Crime Prevention (8)
When a legal prescription is utilized by someone other than prescribed for or obtained through false means, it becomes an illegal substance.
The North Carolina State Bureau of Investigation reports that
pharmacies dispense over 250,000 prescriptions for controlled substances on an annual basis. That is a lot of medicine that can fall into the wrong hands! Pitt County
The abuse of prescription medicine has unfortunately become a national crisis with its illegal usage surpassing marijuana use as the most widely used illegal substance.
Treatment admissions for such abuse, have skyrocketed from the mid 1990’s over 300% according to most research.
National studies indicate approximately 50% of youth 12 years and older obtained pain relievers from friends or relatives.
Proper disposal is something to consider. Simply throwing medicines in the trash or flushing them down the toilet does not end the risk these medicines pose. Both animals and people have been known for rummaging through trash and studies have shown that flushing medicines through the toilet have an environmental impact. In areas of high population density, fish living in the natural water system have exhibited signs of unisex characteristics that researchers attribute to the human excretions, primarily from reproductive medicines.
Trash If flushing is not mentioned as an acceptable disposal method, you should mix the pills with an undesirable substance (such as kitty litter, used coffee grounds, saw dust) and place the mixture into a disposable sealable container or bag before placing in the trash. Ensure you remove any personal information from the bottle itself, especially if refills remain.
Take Back Events In an effort to provide a safe disposal method for citizens, the Sheriff’s Office has been partnering with community organizations to conduct events that allow citizens to ‘drop-off’ their unused and unwanted medications. On average, thousands of pills are collected at each event. The oldest prescription we have received dated back to the 1960’s and was in a glass bottle.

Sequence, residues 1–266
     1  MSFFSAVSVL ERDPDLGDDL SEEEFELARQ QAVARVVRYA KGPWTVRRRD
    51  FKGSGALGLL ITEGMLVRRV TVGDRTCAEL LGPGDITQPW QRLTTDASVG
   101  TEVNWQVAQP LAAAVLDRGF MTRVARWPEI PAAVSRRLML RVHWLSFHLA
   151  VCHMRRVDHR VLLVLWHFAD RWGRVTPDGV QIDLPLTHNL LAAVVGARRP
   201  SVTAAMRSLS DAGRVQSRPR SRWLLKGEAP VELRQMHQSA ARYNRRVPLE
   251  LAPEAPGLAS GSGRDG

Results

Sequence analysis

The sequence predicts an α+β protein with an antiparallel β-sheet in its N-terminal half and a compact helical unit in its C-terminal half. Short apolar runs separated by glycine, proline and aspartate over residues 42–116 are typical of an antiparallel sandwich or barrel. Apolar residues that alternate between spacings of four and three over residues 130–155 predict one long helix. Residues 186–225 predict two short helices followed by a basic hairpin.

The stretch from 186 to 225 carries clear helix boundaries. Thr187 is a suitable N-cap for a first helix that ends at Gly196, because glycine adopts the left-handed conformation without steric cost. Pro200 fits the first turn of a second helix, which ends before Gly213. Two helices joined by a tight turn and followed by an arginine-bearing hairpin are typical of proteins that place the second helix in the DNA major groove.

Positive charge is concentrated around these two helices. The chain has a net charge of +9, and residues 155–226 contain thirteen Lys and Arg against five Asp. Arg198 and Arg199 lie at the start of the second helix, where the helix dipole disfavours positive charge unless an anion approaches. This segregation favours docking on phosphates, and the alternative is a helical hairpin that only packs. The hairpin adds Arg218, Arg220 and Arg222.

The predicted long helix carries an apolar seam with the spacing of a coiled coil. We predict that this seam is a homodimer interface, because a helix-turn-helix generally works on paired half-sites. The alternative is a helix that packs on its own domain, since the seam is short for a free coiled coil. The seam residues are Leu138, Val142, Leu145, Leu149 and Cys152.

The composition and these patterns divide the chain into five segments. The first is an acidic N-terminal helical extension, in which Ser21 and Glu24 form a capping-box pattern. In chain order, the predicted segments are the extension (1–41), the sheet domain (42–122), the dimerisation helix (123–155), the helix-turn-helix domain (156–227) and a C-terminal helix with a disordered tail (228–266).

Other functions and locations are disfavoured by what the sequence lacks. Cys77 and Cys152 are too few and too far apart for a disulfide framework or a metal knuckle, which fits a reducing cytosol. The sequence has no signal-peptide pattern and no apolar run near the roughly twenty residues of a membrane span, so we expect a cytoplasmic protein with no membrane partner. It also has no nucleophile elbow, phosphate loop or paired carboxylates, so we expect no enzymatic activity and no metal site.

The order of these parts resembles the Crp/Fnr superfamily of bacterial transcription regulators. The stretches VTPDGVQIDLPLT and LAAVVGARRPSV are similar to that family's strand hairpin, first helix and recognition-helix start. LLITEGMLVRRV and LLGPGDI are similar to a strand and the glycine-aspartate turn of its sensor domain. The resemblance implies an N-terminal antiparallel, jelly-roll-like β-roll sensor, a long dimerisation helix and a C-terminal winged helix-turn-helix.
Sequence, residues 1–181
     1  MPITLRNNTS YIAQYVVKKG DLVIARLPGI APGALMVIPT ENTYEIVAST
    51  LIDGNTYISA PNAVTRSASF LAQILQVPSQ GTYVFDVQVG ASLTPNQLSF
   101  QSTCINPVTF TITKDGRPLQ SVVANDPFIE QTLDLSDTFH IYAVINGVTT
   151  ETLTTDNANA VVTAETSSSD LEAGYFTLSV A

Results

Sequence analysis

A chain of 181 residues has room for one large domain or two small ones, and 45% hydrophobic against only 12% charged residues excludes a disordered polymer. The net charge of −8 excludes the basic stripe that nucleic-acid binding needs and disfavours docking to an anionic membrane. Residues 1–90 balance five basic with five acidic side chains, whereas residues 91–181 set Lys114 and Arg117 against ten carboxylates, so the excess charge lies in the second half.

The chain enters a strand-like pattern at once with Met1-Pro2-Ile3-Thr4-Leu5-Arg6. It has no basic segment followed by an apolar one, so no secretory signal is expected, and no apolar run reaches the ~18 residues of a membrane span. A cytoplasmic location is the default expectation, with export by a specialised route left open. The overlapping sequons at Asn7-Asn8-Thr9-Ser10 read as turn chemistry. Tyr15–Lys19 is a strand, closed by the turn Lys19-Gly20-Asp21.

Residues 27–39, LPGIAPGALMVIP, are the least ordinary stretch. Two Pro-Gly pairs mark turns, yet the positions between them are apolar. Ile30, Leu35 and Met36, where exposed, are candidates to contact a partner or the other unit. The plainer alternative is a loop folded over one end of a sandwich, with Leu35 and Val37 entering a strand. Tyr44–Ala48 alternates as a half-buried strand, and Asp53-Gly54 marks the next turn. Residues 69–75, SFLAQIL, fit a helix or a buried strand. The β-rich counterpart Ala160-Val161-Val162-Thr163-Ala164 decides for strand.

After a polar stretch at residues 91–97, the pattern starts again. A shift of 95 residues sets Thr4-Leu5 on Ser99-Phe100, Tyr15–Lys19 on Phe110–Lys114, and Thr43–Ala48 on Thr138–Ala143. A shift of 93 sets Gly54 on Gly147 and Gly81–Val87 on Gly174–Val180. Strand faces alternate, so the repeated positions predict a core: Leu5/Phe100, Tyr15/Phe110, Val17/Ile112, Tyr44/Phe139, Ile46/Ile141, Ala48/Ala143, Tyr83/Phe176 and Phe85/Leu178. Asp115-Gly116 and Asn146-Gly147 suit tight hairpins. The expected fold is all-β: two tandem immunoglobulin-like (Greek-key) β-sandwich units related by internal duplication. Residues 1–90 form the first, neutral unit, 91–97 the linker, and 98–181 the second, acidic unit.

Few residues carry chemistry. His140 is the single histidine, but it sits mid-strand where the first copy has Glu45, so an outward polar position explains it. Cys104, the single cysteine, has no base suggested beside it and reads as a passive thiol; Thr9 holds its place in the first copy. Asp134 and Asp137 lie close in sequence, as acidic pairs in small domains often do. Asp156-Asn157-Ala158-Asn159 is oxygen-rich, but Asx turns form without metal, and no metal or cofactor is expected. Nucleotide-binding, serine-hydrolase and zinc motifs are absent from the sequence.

Permanent Drop-off Box There is also a drop-off box located in the Sheriff’s Office courthouse lobby location where citizens can drop off quickly and anonymously. The address is
Questions about the issue or events? Contact Melissia Larson: 252-902-2656
LAW ENFORCEMENT interested in the Permanent Disposal Box Program, please contact the person listed above for more information.
Online Fraud PreventionTo guard against identity theft, never give out your Social Security number. Treat it as confidential information.
Commit all passwords to memory. Never write them down or carry them with you. When using an ATM machine, make sure no one is hovering over you and can see you enter your password.
When participating in an online auction, try to pay the seller directly with a credit card so you can dispute the charges if the merchandise does not arrive or was misrepresented. If possible, avoid paying by check or money order.
Adopt an attitude of healthy skepticism toward websites that offer prizes or giveaways. Chances are, all that’s been “won” is the opportunity to buy something you didn’t want in the first place.
Protecting Our Children Online
Choose a commercial online service that offers parental control features.
Tell your children never to give out their address telephone number password school name or any other personal information.
Make sure your children know to never agree to meet face-to-face with someone they’ve met online without discussing it with you. Only if you decide that it’s okay to meet their “cyber-friend” should they arrange to meet this person, and then the meeting should be in a familiar public place in the presence of a trusted adult.
Tell your children never to respond to messages that have bad words, are scary, or just seem weird.
Tell your children never to enter an area that charges for services without asking you first.
Tell children never send a picture of themselves to anyone without your permission.
Make sure that access to the Internet at your children’s school is monitored by adults.